Brides and vendors alike have more opportunities to be inspired these days more than ever before. Wedding blogs, magazines and the ever-expanding collection of images on Pinterest have everyone collecting tidbits of prettiness for their next project. But there’s a downside to having all this information, isn’t there? It’s not uncommon that brides find the perfect bouquet online, bring their inspiration to a professional and realize their ideas must fall a little short of reality due to pricing and availability. We at The NotWedding take a lot of pride in introducing brides to inspiration and concepts that are attainable from regional vendors who know a town, its style and are familiar with the budgets of local brides.

That being said, we thought it would be an interesting challenge to see if we could take one of the most wonderful, and sometimes challenging, parts of planning a wedding – flowers – and have a little budget-friendly fun. One of our Production Managers, Allie Webber, works on getting vendors ready for NotWedding events in the Northeast… but she was born and raised a Georgia girl. During our last Atlanta event, she came home to her mother and grandmother’s gardens and did a little clipping! Hayley Bidez Makeup Artistry gave her a fresh look, and Haley Sheffield took these amazing pictures below. Allie was able to create two beautiful bouquets out of things she picked in her yard alone, and anyone who’s been in a Southern garden in August will recognize a few things!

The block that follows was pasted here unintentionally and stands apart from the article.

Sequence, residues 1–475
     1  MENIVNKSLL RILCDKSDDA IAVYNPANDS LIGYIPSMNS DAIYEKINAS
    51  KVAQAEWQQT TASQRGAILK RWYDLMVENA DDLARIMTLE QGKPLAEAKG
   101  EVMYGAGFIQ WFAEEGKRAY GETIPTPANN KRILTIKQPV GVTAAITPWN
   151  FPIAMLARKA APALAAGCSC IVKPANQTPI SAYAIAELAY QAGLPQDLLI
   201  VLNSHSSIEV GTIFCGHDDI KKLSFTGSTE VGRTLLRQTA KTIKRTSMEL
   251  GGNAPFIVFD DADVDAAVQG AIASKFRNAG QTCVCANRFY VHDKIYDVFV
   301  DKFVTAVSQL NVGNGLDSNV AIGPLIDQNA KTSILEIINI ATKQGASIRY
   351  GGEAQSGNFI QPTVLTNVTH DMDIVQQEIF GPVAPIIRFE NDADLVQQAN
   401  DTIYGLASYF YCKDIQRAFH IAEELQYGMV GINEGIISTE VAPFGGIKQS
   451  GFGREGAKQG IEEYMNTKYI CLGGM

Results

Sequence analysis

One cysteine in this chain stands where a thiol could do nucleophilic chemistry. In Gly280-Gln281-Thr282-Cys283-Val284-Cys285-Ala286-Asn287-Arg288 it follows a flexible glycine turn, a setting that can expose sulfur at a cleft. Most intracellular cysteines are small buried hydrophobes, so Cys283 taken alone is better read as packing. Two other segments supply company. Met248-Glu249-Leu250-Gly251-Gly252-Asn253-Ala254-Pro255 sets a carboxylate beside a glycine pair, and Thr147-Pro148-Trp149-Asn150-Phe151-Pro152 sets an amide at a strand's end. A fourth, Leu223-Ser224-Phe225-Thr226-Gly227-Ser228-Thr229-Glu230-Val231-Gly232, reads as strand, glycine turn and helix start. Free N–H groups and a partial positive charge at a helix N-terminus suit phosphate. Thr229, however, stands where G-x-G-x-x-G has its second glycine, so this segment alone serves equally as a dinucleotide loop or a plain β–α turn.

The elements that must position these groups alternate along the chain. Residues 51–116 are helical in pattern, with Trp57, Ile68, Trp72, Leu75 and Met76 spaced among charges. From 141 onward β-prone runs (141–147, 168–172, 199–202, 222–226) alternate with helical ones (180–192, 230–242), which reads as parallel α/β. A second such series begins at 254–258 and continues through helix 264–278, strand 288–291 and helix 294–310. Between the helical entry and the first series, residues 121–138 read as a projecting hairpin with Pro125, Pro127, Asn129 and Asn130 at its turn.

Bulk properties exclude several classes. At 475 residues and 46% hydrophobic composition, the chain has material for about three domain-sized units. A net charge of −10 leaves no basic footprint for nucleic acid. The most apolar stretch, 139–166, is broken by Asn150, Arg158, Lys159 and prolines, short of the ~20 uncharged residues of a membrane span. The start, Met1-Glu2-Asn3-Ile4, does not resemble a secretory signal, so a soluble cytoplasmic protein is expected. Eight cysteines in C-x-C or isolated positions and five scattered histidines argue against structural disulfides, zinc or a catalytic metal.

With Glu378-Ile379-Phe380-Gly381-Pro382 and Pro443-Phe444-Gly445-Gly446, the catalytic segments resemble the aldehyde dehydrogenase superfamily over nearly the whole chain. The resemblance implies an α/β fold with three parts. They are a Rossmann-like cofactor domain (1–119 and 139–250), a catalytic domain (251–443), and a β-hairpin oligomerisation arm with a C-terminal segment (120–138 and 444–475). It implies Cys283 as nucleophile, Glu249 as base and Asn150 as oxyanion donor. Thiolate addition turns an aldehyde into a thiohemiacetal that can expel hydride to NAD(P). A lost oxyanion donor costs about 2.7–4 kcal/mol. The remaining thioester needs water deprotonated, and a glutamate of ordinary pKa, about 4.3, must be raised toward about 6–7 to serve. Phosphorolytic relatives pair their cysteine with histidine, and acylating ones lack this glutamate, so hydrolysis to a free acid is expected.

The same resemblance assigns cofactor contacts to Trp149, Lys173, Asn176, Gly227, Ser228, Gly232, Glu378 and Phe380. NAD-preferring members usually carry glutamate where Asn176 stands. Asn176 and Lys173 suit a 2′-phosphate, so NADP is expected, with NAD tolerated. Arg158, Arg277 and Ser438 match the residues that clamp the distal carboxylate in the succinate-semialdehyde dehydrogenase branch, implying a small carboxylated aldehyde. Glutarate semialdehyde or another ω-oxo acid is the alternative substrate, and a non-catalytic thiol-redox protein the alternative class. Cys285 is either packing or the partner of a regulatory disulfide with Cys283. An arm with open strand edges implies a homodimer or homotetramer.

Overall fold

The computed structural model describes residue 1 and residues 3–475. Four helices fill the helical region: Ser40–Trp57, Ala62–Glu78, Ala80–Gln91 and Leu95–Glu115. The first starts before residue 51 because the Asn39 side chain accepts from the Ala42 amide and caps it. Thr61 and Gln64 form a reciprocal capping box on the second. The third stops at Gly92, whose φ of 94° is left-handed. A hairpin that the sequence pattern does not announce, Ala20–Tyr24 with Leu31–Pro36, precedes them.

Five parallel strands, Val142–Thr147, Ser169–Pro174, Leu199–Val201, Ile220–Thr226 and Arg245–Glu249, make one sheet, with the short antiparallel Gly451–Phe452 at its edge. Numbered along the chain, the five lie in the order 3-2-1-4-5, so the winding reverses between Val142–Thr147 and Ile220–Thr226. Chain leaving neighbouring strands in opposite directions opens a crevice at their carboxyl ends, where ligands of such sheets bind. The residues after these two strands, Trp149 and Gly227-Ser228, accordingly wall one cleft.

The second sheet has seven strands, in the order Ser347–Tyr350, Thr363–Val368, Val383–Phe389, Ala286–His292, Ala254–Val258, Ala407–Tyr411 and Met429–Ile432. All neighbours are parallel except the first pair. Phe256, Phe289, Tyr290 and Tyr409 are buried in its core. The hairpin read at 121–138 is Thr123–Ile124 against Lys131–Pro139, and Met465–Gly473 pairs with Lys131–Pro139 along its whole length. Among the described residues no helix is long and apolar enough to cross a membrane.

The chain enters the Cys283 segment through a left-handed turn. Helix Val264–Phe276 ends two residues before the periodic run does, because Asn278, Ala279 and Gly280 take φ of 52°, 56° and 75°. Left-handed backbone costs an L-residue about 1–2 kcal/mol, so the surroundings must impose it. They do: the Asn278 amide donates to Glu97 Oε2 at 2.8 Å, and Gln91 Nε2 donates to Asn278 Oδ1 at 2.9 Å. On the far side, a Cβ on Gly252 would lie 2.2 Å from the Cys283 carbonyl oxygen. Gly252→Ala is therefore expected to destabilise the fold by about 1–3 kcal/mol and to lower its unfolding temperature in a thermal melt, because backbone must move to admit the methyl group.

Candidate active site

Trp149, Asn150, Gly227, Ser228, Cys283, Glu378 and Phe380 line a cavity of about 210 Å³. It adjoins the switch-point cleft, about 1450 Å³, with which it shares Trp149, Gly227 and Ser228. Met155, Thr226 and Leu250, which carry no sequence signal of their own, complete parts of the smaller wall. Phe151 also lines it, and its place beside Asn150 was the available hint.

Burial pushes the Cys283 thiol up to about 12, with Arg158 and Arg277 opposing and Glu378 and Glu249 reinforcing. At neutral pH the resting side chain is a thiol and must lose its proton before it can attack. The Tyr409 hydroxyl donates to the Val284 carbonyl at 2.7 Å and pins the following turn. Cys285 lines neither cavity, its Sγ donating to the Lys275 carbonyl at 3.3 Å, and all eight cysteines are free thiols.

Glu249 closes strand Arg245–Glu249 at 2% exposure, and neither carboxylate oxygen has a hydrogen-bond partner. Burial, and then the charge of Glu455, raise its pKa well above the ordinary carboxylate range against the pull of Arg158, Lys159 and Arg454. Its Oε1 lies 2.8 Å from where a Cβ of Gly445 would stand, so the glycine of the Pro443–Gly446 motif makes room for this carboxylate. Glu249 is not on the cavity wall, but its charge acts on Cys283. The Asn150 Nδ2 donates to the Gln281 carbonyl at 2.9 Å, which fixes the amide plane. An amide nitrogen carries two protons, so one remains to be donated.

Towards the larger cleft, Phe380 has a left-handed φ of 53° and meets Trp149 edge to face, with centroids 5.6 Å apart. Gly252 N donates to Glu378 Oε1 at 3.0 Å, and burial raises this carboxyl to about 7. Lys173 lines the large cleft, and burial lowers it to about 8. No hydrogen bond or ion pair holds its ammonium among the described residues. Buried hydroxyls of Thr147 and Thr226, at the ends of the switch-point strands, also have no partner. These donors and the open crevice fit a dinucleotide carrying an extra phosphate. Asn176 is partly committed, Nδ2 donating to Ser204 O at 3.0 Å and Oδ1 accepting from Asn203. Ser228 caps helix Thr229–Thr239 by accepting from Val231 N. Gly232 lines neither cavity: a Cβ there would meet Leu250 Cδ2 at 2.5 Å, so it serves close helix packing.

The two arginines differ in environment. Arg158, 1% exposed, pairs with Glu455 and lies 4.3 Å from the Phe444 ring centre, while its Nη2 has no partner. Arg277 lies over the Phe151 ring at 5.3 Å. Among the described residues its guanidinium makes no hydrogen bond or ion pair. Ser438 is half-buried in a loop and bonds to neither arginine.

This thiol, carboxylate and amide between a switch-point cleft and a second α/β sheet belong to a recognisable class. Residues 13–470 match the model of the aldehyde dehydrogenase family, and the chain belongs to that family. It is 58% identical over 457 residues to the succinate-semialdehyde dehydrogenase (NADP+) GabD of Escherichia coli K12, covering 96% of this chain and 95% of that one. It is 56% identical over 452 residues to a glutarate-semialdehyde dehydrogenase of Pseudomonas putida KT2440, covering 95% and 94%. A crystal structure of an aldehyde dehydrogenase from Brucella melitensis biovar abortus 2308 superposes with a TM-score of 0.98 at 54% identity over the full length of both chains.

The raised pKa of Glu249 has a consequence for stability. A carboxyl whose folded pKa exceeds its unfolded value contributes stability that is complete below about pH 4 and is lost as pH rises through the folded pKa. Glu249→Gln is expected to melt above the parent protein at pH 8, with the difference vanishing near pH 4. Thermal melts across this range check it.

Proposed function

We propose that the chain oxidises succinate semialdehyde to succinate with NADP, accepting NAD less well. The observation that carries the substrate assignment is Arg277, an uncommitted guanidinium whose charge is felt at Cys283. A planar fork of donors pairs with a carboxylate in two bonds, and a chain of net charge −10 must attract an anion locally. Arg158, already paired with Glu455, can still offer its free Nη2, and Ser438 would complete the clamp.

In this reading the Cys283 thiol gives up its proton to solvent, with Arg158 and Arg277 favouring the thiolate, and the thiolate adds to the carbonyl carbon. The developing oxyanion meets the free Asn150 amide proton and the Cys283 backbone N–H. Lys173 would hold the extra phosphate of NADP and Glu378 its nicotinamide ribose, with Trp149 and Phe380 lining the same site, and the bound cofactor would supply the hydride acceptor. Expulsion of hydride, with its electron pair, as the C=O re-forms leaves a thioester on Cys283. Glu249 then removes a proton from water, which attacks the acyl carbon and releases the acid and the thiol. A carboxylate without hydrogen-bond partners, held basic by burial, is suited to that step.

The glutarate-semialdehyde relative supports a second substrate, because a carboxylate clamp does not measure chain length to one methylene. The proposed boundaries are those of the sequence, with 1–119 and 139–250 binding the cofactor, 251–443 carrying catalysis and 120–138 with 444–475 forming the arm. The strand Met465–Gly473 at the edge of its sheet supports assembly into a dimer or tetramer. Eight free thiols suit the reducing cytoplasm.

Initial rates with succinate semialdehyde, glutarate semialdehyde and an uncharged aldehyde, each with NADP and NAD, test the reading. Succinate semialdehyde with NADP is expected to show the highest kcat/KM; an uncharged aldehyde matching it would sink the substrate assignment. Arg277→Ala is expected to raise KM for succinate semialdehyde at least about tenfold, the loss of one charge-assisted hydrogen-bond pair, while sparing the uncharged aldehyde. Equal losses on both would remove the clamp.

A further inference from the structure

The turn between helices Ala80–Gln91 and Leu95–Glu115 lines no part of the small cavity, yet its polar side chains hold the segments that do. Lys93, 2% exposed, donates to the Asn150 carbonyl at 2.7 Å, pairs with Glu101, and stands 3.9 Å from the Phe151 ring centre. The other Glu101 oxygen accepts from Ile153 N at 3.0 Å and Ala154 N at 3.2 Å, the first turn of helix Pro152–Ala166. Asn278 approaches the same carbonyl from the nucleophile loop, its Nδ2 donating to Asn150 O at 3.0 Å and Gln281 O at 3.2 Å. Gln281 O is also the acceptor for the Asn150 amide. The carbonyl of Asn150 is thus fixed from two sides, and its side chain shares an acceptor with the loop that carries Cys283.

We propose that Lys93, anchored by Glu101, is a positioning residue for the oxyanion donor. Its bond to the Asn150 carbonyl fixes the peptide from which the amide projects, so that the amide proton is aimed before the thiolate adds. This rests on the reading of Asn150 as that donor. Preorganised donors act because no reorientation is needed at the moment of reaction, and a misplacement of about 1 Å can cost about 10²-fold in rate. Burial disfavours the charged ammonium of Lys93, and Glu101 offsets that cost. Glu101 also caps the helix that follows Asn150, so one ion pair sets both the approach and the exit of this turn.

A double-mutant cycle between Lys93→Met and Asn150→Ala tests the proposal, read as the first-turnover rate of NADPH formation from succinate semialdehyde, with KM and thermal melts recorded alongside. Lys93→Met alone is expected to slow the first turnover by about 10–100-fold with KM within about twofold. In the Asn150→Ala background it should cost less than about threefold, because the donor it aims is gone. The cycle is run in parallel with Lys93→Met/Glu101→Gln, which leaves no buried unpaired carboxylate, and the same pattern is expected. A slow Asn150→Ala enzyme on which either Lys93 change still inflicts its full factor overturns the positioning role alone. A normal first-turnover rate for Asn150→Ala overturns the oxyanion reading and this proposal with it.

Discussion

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The best part of this recipe is that it will be different for everyone, depending on what’s in your yard. And of course, if you don’t all have grannies with gorgeous flower beds, you can talk to your florist about purchasing flowers that are seasonal, local and inexpensive and still have a killer bouquet! Here’s what Allie dug up:



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The first bouquet Allie made is a show-stopper, filled with vibrant colors from the garden. Hot pink knockout roses and cheerful black-eyed susans pair with the purple sprays of color from butterfly bush and liriope. The last hydrangea bloom on the bush adds some green color with herbs like sage and rosemary.


This next little bouquet would be perfect for a more muted color palette. Delicate panicled hydrangeas add in some white, while a species of honeysuckle – abelia – throws in a soft pink. Foliage from around the garden, like geranium leaves and sage, fill in the rest – and one yellow dahlia serves as a focal point.


We love how these bouquets provide a break from the norm, especially because they have the potential to be so easy on your budget and special to you and your family if the flowers do come from family gardens. There are some things to keep in mind – some of these garden flowers are not often recommended by florists because they’re delicate and don’t have as long of a vase life as your standard roses, tulips, etc. If you’re going to make your own bouquet, tie it together the day you’ll be using it so everything is fresh. If picking and arranging flowers for a bouquet doesn’t sound like your cup of tea, talk to your florist about how you can use more local greens, flowering bushes and grasses to add interest to your bouquet without having to break the bank!

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